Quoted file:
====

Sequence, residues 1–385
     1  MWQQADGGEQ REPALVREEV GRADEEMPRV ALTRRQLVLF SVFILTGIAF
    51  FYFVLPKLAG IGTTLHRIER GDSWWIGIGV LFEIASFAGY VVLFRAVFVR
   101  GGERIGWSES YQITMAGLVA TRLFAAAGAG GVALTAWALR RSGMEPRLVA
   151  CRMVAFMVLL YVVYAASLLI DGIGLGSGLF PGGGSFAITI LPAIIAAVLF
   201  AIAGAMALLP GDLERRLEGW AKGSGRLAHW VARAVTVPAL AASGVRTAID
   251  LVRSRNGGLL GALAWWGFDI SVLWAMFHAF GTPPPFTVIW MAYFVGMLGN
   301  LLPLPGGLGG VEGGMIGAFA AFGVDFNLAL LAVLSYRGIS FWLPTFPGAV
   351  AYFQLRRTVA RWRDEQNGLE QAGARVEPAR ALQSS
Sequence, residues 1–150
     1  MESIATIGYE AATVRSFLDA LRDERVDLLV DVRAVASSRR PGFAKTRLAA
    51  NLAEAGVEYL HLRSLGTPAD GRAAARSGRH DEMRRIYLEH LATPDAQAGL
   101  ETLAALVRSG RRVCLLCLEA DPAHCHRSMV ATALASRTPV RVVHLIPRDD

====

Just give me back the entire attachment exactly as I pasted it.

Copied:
Sequence, residues 1–385
     1  MWQQADGGEQ REPALVREEV GRADEEMPRV ALTRRQLVLF SVFILTGIAF
    51  FYFVLPKLAG IGTTLHRIER GDSWWIGIGV LFEIASFAGY VVLFRAVFVR
   101  GGERIGWSES YQITMAGLVA TRLFAAAGAG GVALTAWALR RSGMEPRLVA
   151  CRMVAFMVLL YVVYAASLLI DGIGLGSGLF PGGGSFAITI LPAIIAAVLF
   201  AIAGAMALLP GDLERRLEGW AKGSGRLAHW VARAVTVPAL AASGVRTAID
   251  LVRSRNGGLL GALAWWGFDI SVLWAMFHAF GTPPPFTVIW MAYFVGMLGN
   301  LLPLPGGLGG VEGGMIGAFA AFGVDFNLAL LAVLSYRGIS FWLPTFPGAV
   351  AYFQLRRTVA RWRDEQNGLE QAGARVEPAR ALQSS
Sequence, residues 1–150
     1  MESIATIGYE AATVRSFLDA LRDERVDLLV DVRAVASSRR PGFAKTRLAA
    51  NLAEAGVEYL HLRSLGTPAD GRAAARSGRH DEMRRIYLEH LATPDAQAGL
   101  ETLAALVRSG RRVCLLCLEA DPAHCHRSMV ATALASRTPV RVVHLIPRDD